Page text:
And homeschool just felt like it was going to be a lot better fit personality wise for me and my kids. Okay. So let me tell you about some of the resources. We are going to be doing math and reading and writing every single day. And then the other subjects that we’ve chosen are going to be rotated throughout the week. And then there’s some sort of bonus subjects that we’re going to be doing a lot on weekends or on outings, like field trips, where we’ll dive into something a little more detail.
I want you to know that all of these resources, these homeschooling resources are available on my blog. And I will link in the show notes for today. Straight to that blog post, you can go to livefreecreative.co/podcast. Look for episode 102 and find the link. It’ll just be right at the top for the homeschooling resources. You can also just scroll down and find the link in your show notes like right in your podcast app, I’m going to link directly to my homeschooling resources and that post will stay live. You can search “homeschool” at any time.
Subject By Subject Resources
I’d go through a subject by subject and I’m going to talk through these, but I also just want you to know that they’re all available right there. If you want to refer back to them, links to them. Some of the links contain the ability to get like a free trial on some of the paid programs that we’ve been using for awhile. There’s a couple of discounts thrown in there and also just some specific links to things that I’ve left. So check out the homeschooling resources as a tandem to me talking through these next few things.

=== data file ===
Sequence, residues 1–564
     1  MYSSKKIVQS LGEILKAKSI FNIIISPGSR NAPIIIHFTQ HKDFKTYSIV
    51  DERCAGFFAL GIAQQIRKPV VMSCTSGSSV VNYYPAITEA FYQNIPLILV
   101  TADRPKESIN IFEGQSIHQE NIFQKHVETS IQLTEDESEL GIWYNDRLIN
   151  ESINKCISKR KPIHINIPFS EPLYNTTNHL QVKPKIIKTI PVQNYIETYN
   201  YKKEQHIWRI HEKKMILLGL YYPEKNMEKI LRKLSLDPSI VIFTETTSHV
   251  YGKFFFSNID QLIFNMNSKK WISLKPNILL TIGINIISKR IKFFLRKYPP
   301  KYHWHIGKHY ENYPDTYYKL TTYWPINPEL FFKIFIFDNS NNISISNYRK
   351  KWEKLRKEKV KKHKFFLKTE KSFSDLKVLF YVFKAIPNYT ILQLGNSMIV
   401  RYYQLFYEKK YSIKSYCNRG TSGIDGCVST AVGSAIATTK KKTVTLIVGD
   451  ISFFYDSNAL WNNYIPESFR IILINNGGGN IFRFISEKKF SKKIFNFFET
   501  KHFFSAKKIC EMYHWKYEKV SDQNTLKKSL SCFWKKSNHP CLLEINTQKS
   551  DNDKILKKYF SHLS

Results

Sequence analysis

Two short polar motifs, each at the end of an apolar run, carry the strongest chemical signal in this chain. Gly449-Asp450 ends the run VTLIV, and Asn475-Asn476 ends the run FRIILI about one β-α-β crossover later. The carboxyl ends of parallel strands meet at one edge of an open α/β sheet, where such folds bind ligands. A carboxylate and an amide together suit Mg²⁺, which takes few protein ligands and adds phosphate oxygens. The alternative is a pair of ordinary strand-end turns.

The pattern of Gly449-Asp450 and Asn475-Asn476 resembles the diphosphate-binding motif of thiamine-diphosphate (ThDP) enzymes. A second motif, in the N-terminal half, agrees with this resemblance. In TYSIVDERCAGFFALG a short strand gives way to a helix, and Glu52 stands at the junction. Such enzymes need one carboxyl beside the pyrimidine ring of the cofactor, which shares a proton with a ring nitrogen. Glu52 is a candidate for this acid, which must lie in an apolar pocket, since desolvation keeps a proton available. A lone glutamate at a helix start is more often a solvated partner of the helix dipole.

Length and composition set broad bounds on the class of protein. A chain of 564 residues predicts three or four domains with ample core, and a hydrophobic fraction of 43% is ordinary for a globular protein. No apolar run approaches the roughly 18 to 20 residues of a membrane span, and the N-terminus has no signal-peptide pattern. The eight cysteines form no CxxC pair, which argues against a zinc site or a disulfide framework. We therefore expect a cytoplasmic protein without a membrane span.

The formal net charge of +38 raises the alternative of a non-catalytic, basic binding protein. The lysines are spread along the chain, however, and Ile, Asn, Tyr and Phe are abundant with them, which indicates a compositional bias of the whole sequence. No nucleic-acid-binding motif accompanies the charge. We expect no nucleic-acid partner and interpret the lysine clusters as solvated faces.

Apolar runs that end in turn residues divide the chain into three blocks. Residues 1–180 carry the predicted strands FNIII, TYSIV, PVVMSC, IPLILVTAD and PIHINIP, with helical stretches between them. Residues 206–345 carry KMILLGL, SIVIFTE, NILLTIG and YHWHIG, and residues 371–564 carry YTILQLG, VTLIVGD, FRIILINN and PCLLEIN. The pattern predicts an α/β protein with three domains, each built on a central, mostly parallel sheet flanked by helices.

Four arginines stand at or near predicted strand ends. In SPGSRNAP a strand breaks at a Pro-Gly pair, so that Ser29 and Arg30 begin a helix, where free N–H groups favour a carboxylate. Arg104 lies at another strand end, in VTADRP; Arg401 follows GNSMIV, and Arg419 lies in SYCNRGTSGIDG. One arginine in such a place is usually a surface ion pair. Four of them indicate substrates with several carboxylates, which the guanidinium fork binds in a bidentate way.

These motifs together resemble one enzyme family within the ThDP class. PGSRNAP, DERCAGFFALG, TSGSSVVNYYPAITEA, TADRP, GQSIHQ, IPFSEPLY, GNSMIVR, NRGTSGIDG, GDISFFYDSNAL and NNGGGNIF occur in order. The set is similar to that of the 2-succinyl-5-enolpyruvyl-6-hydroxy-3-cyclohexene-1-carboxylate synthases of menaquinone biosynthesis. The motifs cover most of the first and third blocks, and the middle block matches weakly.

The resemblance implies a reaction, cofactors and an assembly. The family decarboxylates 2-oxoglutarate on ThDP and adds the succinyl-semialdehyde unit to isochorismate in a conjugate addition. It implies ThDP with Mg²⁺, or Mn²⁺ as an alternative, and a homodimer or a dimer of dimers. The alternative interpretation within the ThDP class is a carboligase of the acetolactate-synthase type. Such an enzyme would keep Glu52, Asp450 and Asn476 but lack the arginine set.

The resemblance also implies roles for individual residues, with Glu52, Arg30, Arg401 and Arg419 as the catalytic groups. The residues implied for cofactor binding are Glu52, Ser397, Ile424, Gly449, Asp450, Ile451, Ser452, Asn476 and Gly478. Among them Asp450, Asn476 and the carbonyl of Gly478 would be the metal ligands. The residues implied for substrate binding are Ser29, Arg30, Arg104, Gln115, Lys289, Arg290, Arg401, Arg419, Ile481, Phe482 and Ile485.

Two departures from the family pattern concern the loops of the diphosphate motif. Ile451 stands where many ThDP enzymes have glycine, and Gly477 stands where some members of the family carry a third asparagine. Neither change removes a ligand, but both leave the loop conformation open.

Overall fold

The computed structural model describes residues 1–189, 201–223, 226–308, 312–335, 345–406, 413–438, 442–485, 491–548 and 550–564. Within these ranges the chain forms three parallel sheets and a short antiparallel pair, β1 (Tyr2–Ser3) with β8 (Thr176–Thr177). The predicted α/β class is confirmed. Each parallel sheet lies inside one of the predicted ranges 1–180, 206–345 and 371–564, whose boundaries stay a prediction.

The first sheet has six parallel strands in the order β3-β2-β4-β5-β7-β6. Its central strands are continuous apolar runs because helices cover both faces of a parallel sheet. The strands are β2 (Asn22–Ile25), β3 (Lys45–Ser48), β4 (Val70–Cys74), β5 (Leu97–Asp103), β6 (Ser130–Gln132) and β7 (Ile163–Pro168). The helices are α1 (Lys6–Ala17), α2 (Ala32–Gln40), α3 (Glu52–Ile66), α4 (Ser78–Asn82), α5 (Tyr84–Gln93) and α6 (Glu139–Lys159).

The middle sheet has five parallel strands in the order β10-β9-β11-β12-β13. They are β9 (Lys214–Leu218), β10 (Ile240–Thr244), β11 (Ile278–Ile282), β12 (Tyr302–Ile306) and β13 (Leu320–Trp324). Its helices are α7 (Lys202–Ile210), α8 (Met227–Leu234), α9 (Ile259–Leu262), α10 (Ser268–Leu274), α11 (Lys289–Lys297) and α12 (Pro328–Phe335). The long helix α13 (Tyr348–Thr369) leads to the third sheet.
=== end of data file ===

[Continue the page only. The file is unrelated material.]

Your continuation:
Homeschooling Resources (click through for all links!)
I’m going to start with reading fluency because Plum is working on her reading fluency, I think starting in Pre K all the way to like first second, those are the general timelines for learning to read and gaining some reading fluency. And although she is reading, we are definitely still working on reading fluency and being able to read easily and love it.
I’ve mentioned ABC Mouse before, but I have to mention it again because we really love the program. It’s a paid program, but it’s not very much a month. It’s like maybe $10 a month. And it has this online learning journey. And it actually shows the little learning pathway that has games. It has lessons, it has some activities like it will include art and a memory matching game and all of these different ways proven ways to help a child learn, to read and read well, she’s been using it for a long time and we really like it. So I’m going to just go ahead and link that for you. I let her play for about 15 to 20 minutes at a time, and then she usually will want to switch, switch to something else unless she gets like really into a specific aspect of it. I think that it’s just a great supplement.
Now, in addition to that, we also use Hooked on Phonics. I know I’ve mentioned these, maybe pretty recently. Hooked on Phonics is really great because I love the combination of the online and the in person reading. So it’s an, it’s an app you can go on and use the app, which she does use, but I also love the actual hands on learning program. They send every month, a workbook and a couple early reader books with some practice exercises and you can read the books, you can mark them off. There’s these stickers that they send. So each time she does a lesson, she gets to put a sticker in the top and that’s all included, which feels really nice. And so we sort of changed back and forth between ABC Mouse and Hooked on Phonics to keep it sort of low pressure, but also continually every day be working on reading.